We are finally seated and deliberate over the menu. I am torn between the massive prawns and the grilled Choco (cuttlefish). It all looks delicious. I order the prawns in the end and Mark has the Dourada. Before I have chance to decline alcohol, a bottle of chilled white miraculously appears and we are away again. My poor liver! What a fabulous lunch though. The best all round dining experience I’ve had actually whilst we’ve been in Portugal. I especially love the dressing they drizzle over the fish. It’s olive oil, lemon juice, garlic and coriander. It works really well instead of the conventional parsley. It’s a real atmospheric spot. A great find. I can’t big it up enough. There’s a constant queue of customers. A guy is playing lively sax music over the road. It’s just brilliant. When lunch is sadly over we enjoy a steady stroll along the river and then sit watching the world go by over the estuary.
It’s time to have a wander up to the station for the return journey back to base. It’s been a truly enjoyable day. A great start to my birthday week!
Back in Manta then it’s party time. We kick off with a yummy roast dinner on Sunday at Mar’s Bar. Marianne, Johnnie and Avi are wonderful hosts and the food here is very good. The meat comes from the excellent Butchers in Manta Rota. It’s more like a farm shop, I believe the family produce most of their own meat. Nice people to deal with and great produce. The staff are so cheerful and helpful. Monday is a wet day, the first for a very long time. We decide to have a rest day and snuggle up to watch DVDs. It actually makes a nice change. I manage a short walk on the beach with the dog. It’s still very warm and the sea is still beautiful against the heavy purple sky. On Tuesday I cook and Tony and Marion come around for supper. We all get very silly and it’s gone midnight before we finish the wine and daft games. Wednesday it’s back to Mar’s for Burgers and ribs. Another raucous one with the gang. Such great fun, it’s good to have a few laughs. Thursday we go Birthday gift shopping. A super little boutique has opened up on the Main Street. I have a lovely browse and choose some goodies, we go for coffee and cake. I have a smashing day. Friday is my actual birthday. I am reduced to tears several times by messages and videos from our family and friends back home, a phone call from my very poorly little Sister who’s in Hospital back in Sheffield and then a visit from our great friends, Marion and Tony, bearing cards, flowers and gifts. I am so so lucky to have such wonderful people in my life. We go back to A Proa for lunch. It’s a gorgeous day with good company, wine and food to match. We eat the seafood rice. Delicious! Best birthday ever.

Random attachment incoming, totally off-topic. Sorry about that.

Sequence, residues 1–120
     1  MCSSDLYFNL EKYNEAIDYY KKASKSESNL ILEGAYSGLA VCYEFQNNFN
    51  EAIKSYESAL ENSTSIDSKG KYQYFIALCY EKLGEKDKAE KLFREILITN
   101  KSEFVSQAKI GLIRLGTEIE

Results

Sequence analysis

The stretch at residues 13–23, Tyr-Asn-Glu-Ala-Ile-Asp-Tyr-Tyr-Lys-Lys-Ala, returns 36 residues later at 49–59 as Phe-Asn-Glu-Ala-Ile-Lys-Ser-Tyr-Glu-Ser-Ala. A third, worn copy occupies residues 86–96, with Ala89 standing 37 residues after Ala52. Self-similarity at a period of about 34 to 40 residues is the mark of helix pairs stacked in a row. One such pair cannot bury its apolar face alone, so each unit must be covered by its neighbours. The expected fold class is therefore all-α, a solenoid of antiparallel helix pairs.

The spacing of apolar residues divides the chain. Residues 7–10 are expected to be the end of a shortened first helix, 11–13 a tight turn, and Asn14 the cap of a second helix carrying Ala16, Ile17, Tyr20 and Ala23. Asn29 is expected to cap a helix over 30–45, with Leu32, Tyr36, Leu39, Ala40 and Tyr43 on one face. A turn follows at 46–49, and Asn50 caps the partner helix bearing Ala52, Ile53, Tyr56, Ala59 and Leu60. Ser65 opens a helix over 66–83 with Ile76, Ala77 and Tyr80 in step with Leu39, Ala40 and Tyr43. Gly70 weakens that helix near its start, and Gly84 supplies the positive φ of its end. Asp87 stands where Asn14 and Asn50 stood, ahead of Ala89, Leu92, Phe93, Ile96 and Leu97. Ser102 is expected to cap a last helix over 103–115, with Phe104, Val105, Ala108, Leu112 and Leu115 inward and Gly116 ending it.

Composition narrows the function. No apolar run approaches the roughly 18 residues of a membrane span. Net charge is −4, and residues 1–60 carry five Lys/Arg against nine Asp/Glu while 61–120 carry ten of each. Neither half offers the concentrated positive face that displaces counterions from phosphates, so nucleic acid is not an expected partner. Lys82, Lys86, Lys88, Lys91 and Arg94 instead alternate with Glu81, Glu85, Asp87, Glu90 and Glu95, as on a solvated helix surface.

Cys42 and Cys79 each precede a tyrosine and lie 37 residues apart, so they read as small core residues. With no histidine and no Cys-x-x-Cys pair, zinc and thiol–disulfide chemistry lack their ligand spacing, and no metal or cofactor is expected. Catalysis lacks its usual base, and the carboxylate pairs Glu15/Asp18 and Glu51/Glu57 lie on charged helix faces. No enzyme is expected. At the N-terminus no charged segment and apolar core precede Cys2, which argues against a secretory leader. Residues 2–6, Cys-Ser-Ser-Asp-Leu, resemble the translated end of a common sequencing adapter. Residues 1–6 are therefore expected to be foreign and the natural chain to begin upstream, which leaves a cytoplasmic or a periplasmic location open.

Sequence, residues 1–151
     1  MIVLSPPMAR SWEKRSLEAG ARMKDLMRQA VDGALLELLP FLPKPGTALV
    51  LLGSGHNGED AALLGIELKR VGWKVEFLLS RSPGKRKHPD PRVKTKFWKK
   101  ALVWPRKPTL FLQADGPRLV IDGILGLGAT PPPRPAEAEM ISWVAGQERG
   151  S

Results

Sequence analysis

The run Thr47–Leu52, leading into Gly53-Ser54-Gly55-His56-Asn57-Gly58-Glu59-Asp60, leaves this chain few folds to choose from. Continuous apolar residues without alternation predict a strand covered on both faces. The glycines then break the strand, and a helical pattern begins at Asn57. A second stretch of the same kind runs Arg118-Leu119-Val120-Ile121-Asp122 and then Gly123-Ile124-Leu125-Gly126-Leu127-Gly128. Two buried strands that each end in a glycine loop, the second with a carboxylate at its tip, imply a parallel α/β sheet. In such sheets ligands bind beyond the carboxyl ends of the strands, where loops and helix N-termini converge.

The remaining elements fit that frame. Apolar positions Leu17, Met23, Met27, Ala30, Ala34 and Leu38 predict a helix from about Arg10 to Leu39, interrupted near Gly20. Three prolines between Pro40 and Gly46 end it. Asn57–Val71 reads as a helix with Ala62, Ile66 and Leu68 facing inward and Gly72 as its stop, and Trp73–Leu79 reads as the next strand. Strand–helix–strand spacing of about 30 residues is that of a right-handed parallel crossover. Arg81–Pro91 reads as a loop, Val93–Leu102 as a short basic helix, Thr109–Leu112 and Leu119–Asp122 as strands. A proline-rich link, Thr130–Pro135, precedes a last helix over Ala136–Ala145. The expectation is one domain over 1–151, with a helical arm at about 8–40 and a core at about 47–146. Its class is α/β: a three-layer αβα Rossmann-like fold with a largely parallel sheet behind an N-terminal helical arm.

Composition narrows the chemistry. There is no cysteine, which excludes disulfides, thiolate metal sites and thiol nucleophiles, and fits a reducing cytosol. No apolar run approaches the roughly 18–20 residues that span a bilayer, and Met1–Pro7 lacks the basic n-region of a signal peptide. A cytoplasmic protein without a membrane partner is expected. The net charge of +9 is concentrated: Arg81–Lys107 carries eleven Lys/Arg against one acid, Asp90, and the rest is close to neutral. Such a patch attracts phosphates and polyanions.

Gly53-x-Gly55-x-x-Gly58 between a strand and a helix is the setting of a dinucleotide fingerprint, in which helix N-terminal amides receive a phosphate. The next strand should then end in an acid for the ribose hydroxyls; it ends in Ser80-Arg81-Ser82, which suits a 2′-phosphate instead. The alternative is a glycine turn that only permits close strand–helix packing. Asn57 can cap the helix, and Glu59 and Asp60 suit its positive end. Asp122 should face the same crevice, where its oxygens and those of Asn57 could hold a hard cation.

We finish the celebrations with a bonfire on the beach. It’s the most beautiful, golden sunset, a very fitting end to our month at Manta Rota. We had the tragic news from home today that my sister’s condition had worsened very quickly and she had sadly passed away this morning. It’s a shock. Nobody, least of all the medical team, had realised how poorly she was. Poor girl. 47 is no age. The decision to move on has been taken out of our hands and with heavy hearts we cut our trip short by a month, pack up camp and make a break for the border. We’ll miss this place, Portugal in general and our friends. It’s the right decision though. Bye bye and thank you Portugal you amazing little Country with a big heart. Hope it won’t be too long before we’re back this way.
I’ll sign off there folks. We’ve had a wonderful time here. We’ve been blessed with the weather. How lucky we are to be able to escape the British Winter! We now have almost 3 weeks before we hit Calais and the tunnel back to UK so we’ll try and share a few places with you en route. Cheerio for now though. Just remember, live for today. It might be all you have ❤️